What a year.
So much pain, so much suffering, so many dead.
For many, a year to get past, to be done with, to move on from. But I wish you all the best of holidays. Stay close, hang with family and loved ones. Be safe. We will be past this soon.
Four years ago this same time, just before Christmas, I wrote a blog that sought to make connections between things disparate. I was working on a book called "Trees, Sand and Snow." The blog is: here. I just reread it and believe it's worth taking a look at.
And, I will leave you with this:
Perhaps not the most upbeat views of Xmas views, but not a total disaster either. Two wreaths hung high (so as not to be stolen?) in a mall parking lot, the store a Bed Bath and Beyond and gray wintery skies.
Wishing you the best.
Mountain View Estates: what comes to mind? A series of Tyrolian style cottages nestled in a pasture looking over the Swiss Alps, perhaps? Or a gated community of high-end homes with a grand view of the snow-capped Colorado Rockies?
Not at all. Mt View Estates is a housing development sitting on a hill above a gravel pit in White River Junction, Vermont.
I found it in 1991:
It blew me away and became an obsession, as these things do, for about a year. Here are a few more:
Hypothetical: local builder gets word that the old gravel pit up the hill is going on sale. His uncle is on the town planning board so they cut a deal that will allow the builder to buy the land cheap and put houses on it around the perimeter of the actual pit. Rules are bent. There is only a passing discussion about whether some of the new homes might slide into the pit. They both make out like bandits.
Last picture in the series:
A dead bird.
Prints are about 12 inches square and are analog, printed by me, and archivally processed. They are in A+ condition. There is only one set.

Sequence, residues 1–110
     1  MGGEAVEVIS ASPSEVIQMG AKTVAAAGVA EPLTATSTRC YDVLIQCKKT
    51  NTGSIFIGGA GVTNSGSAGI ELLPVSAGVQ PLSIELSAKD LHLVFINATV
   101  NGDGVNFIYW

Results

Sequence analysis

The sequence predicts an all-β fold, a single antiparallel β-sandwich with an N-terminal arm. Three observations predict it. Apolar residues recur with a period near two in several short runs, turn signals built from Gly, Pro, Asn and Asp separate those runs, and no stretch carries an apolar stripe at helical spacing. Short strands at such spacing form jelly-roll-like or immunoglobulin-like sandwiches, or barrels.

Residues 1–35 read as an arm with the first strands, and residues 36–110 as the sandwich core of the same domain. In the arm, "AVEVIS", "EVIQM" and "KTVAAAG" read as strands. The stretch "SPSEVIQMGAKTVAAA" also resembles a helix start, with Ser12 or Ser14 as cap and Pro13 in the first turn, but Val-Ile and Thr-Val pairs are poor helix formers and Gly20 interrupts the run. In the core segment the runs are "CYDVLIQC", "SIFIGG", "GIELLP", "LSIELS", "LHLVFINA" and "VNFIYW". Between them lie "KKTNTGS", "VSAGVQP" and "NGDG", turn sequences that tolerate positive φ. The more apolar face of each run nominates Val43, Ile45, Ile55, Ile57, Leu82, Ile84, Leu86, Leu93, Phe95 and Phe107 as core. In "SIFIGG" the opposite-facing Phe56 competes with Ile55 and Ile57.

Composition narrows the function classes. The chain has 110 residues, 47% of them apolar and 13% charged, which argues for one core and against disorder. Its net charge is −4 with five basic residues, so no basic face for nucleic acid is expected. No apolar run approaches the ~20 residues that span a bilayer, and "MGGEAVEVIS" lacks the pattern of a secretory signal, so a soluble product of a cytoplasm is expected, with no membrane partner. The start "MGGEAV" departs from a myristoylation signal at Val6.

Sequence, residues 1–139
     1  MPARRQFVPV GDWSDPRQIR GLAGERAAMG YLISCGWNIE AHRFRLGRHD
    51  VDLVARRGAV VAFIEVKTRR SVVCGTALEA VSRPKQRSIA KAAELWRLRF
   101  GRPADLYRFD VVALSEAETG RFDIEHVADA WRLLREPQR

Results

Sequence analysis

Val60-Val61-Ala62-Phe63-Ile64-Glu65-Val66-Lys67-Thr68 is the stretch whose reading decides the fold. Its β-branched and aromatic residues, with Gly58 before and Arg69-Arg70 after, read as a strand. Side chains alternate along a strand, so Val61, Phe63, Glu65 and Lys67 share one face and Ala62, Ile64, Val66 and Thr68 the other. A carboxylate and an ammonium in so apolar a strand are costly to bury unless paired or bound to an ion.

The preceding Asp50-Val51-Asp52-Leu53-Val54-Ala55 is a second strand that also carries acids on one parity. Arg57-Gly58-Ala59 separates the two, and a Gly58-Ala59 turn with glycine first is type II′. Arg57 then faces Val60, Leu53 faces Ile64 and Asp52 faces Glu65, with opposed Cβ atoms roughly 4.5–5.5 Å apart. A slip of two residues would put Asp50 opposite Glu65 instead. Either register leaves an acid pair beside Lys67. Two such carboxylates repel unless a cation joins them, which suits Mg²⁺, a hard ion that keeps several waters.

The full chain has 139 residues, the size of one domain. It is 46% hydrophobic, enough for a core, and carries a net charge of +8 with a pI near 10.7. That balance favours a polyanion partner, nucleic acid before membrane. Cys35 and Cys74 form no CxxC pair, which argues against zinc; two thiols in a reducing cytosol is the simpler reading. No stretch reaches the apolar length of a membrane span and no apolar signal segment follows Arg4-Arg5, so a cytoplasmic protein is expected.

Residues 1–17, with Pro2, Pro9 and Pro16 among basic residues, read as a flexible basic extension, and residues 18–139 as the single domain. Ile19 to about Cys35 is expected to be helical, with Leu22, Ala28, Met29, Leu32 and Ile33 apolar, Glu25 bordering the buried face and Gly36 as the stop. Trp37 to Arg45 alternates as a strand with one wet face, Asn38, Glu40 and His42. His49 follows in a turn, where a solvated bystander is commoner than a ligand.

Box where the negatives are stored.
The full series is on the gallery page of the site: Mt View Estates
Wishing you a warm, safe, and excellent holiday. May 2021 bring us all relief from this godawful pandemic. I do believe things will start to improve on January 20th.
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I sincerely wonder what this will be like. We are now in production for an exhibition that will open in January at the Martha's Vineyard Museum.
Making prints, framing, titling, labeling, writing an artist statement, ordering frames, sending out publicity, social media, etc. Always a lot to do to make a show ready.
But wait, we are in the midst of a huge surge in a pandemic that is killing us by the thousands every day! Plus, there are no indications that things will be better in late January or until the vaccine arrives in the spring. Add to that how many people would go to see a show at the Vineyard in the winter months, anyway?
The reality is that this will be mostly a virtual show. We will work to make the presentation of the work accessible to as many people as possible by posting it and making videos for YouTube of the installation. Although most of you won't get to actually see the physical prints we hope to make the show as available to everyone as possible.